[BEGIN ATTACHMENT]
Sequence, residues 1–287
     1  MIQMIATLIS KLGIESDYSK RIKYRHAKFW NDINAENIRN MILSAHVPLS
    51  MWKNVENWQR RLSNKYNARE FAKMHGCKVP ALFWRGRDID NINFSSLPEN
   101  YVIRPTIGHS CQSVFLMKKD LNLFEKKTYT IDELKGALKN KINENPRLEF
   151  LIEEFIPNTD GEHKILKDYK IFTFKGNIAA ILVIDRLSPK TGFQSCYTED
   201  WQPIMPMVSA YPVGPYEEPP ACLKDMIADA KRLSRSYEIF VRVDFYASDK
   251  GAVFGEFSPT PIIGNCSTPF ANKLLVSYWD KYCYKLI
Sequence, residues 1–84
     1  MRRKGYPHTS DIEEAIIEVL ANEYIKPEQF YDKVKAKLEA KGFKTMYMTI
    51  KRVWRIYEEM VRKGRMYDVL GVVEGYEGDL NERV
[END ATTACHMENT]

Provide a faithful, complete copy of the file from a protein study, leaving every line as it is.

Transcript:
Sequence, residues 1–287
     1  MIQMIATLIS KLGIESDYSK RIKYRHAKFW NDINAENIRN MILSAHVPLS
    51  MWKNVENWQR RLSNKYNARE FAKMHGCKVP ALFWRGRDID NINFSSLPEN
   101  YVIRPTIGHS CQSVFLMKKD LNLFEKKTYT IDELKGALKN KINENPRLEF
   151  LIEEFIPNTD GEHKILKDYK IFTFKGNIAA ILVIDRLSPK TGFQSCYTED
   201  WQPIMPMVSA YPVGPYEEPP ACLKDMIADA KRLSRSYEIF VRVDFYASDK
   251  GAVFGEFSPT PIIGNCSTPF ANKLLVSYWD KYCYKLI
Sequence, residues 1–84
     1  MRRKGYPHTS DIEEAIIEVL ANEYIKPEQF YDKVKAKLEA KGFKTMYMTI
    51  KRVWRIYEEM VRKGRMYDVL GVVEGYEGDL NERV